Designed for a laneway inside the Little Portugal neighborhood of Toronto, Flipping Properties tests the boundaries between architecture and furniture. The exhibition, created by Jiminez Lai and his team, Bureau Spectacular, unravels the traditional pentagonal shape of a house to create ‘super-furniture.’ Super-furniture is defined by Lai as “too big to be furniture and too small to be architecture.” The large installation pieces are meant to encourage dialogue on unused urban spaces in Toronto, while creating a novel way to interact with those spaces. Despite their size, the pieces can be rearranged within the laneway, allowing for a variety of assemblages to be created. Flipping Properties opened July 11th, and will be in place until September 14th in the laneway between Sheridan Avenue and Gordon Street in Toronto. Admission is free to the public. See the full gallery of exhibition photos, after the break.
At its World Congress event in Durban last week, the International Union of Architects (UIA)’s 124 member organizations declared their commitment to sustainable architecture by unanimously adopting the 2050 Imperative, a plan to reduce carbon dioxide emissions from the built environment to zero by mid-century.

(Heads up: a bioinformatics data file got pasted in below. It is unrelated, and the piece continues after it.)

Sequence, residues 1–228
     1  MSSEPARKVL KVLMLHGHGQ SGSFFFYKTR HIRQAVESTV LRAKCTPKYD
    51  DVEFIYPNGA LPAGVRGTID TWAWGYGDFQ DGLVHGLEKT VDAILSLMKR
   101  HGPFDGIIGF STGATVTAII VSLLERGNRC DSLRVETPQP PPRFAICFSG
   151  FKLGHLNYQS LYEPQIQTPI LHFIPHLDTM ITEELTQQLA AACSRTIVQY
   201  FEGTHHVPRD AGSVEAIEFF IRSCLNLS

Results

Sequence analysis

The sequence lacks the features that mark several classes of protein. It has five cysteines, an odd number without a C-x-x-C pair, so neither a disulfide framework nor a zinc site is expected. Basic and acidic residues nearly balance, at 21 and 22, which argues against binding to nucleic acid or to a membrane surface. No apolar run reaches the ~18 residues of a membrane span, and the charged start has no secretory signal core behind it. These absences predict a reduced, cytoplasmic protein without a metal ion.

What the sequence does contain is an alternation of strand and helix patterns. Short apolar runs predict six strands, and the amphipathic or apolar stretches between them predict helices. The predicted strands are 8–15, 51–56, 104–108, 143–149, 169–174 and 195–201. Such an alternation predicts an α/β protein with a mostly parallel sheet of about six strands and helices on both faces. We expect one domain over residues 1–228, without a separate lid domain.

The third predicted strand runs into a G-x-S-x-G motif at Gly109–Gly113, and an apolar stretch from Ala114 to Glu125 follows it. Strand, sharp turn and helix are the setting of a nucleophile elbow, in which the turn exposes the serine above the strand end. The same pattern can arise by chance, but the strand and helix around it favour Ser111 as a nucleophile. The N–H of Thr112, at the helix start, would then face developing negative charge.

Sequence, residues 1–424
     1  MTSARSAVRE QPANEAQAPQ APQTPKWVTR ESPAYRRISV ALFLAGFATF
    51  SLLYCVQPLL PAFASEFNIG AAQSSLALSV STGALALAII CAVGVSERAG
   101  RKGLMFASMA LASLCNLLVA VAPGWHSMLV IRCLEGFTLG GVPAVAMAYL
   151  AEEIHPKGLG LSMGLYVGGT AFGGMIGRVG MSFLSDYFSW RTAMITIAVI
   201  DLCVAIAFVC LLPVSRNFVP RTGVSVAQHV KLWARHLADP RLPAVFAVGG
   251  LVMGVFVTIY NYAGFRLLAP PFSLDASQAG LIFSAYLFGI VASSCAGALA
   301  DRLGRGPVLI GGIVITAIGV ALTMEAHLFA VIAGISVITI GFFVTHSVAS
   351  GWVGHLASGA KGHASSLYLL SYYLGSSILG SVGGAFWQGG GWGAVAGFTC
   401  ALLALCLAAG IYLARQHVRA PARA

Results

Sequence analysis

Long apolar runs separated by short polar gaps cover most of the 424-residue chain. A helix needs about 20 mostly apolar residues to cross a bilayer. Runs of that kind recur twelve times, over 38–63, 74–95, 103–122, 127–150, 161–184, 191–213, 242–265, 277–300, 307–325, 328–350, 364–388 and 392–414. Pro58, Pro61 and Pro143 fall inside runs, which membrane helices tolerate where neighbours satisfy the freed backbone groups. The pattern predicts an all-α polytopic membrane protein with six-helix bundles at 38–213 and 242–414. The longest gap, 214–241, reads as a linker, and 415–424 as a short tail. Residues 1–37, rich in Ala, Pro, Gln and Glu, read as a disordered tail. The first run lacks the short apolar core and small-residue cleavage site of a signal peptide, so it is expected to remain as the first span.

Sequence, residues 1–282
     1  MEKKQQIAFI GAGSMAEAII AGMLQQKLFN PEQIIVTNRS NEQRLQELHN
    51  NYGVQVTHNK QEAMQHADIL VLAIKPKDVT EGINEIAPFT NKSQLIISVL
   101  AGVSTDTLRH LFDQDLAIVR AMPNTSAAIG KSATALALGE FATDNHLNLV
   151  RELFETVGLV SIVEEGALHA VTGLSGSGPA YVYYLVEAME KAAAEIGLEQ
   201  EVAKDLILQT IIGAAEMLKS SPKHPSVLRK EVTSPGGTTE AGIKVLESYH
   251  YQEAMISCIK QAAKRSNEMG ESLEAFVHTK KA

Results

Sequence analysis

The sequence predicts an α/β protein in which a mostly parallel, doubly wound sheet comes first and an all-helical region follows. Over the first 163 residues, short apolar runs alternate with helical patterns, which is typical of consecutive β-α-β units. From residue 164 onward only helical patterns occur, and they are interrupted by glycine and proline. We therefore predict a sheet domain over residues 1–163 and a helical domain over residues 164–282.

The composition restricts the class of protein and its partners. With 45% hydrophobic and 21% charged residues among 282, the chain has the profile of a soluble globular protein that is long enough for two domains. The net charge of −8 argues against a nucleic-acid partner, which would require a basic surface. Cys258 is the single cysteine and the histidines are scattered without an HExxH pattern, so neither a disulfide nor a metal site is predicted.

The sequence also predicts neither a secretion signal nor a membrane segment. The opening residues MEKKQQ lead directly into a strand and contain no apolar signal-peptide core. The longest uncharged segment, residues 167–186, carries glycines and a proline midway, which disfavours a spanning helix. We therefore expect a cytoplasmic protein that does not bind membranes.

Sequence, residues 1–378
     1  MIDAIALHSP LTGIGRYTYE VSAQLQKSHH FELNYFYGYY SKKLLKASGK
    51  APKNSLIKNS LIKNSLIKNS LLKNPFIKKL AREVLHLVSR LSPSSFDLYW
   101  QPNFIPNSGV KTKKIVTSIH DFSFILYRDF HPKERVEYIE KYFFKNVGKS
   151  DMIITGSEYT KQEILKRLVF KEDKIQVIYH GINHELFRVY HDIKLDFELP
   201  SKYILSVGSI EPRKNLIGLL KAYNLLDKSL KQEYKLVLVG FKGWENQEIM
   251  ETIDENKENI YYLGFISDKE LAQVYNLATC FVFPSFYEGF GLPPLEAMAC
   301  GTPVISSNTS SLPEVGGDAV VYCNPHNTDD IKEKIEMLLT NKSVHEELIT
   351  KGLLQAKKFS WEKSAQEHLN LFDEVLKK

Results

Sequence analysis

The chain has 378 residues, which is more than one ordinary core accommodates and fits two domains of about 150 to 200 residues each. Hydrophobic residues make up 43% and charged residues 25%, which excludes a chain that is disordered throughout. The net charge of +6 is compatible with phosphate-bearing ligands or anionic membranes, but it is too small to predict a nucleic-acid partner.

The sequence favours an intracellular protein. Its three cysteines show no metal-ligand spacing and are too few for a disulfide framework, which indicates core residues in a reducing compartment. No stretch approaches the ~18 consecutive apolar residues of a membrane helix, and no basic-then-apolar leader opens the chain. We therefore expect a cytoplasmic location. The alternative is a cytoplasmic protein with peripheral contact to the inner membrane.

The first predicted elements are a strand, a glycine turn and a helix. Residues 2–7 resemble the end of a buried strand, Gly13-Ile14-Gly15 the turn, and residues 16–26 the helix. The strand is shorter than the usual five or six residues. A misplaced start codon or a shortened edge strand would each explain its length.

The adoption of the 2050 Imperative was planned to coincide with the United Nations Framework Convention on Climate Change (UNFCCC) conference that will reconvene in Paris in 2015, and has as one of its aims a plan to phase out CO2 emissions from the power and industrial sectors by 2050. The UIA stated their aim to ”send a strong message to the Parties of the UNFCCC, and to the world, that we are committed to a truly sustainable and equitable future.”
Read on after the break for more detail from the 2050 Imperative, including 5 key objectives
The Brick Development Association, representing the UK and Ireland, has unveiled its shortlist for the 2014 Brick Awards. The awards recognize excellence in design and construction using brick in 14 different categories. Among the contenders are Zaha Hadid Architects‘ Serpentine Sackler Gallery , Universal Design Studio‘s Ace Hotel and Mecanoo‘s The Library of Birmingham. The winners will be announced on November 12.